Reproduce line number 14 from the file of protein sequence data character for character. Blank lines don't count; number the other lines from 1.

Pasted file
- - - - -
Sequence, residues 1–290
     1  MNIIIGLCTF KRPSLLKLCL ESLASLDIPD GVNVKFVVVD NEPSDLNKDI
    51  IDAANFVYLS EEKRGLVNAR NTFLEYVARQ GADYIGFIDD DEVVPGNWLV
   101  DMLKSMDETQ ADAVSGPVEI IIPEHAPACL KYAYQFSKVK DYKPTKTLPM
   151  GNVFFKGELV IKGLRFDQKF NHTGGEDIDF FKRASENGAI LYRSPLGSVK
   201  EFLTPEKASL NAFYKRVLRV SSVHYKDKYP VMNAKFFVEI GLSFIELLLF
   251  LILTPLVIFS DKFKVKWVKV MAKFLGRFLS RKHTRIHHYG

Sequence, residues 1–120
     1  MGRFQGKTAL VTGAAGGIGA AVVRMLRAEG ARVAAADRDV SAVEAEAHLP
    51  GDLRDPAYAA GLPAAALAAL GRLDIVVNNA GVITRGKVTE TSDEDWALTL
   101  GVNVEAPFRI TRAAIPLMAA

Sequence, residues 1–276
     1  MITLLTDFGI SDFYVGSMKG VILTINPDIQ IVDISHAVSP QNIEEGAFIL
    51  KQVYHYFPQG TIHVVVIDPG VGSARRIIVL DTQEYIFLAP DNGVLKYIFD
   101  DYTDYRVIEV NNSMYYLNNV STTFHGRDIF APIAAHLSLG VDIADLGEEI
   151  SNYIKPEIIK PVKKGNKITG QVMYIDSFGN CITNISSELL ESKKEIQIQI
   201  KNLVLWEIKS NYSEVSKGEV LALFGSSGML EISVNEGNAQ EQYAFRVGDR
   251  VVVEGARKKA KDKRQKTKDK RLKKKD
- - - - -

    51  KQVYHYFPQG TIHVVVIDPG VGSARRIIVL DTQEYIFLAP DNGVLKYIFD